Before you re-arrange the alphabet, first work out the arithmetic. Writing well – so your intended readers understand clearly what you say and what you mean in your emails, tweets, news releases, articles and business reports – requires a clear and defined process. Just like maths.
Writing, solving word problems, in other words, is like any form of reasonable argument. Which is itself no different from a balanced mathematical equation.
Both start with factual information that is either provided or available. You precis the information into a summary using any of 26 letters and a variety of symbols (aka punctuation) and there you have it: the basics of sane, sensible writing. And, of course, the piece must conclude with nothing more or less than a conclusion that shows clearly just how reasonable was the original argument.
This doesn’t work for fiction quite as well, of course, but if your business writing is fiction, sometimes also called creative writing, what’s it doing here? Go write a novel or sitcom instead of a project report and see how that works out in the boardroom.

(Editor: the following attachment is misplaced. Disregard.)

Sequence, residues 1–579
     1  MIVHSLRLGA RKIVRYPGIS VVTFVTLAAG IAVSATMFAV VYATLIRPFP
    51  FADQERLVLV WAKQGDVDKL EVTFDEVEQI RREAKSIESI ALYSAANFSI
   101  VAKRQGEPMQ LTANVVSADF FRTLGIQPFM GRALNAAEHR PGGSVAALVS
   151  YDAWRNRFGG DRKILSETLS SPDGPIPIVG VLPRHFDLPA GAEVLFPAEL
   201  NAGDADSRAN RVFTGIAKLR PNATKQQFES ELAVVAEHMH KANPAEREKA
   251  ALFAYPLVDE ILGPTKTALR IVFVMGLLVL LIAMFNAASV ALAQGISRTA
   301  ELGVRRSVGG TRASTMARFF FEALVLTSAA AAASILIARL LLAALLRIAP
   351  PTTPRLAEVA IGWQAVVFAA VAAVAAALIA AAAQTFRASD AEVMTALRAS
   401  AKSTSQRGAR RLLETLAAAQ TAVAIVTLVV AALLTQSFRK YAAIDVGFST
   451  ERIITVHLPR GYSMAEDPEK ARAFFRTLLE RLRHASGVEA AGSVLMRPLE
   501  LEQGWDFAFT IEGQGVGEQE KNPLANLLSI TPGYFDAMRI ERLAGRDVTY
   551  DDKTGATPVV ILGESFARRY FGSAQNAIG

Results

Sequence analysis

To change the content of your writing from adequate to good needs the writer to get the facts right and present them simply and with brevity. Winston, not only one of our greatest leaders but also a first-class writer, demanded succinct notes and memos from his generals and advisers to save his time and theirs. In 1940, while the RAF (one hundred years old this year) was kicking the Luftwaffe all over the Kent sky, he sent the following note to his staff:
Follow his suggestions – and mine about factual accuracy – and you will craft an equation of beautifully written balance.
Whatever you write using these principles will add value to wherever your words are published: on your website, in company reports, inter-company memos and other communications. They will get you noticed by powers above and below.
And if none of this works for you, find a writing tutor instead.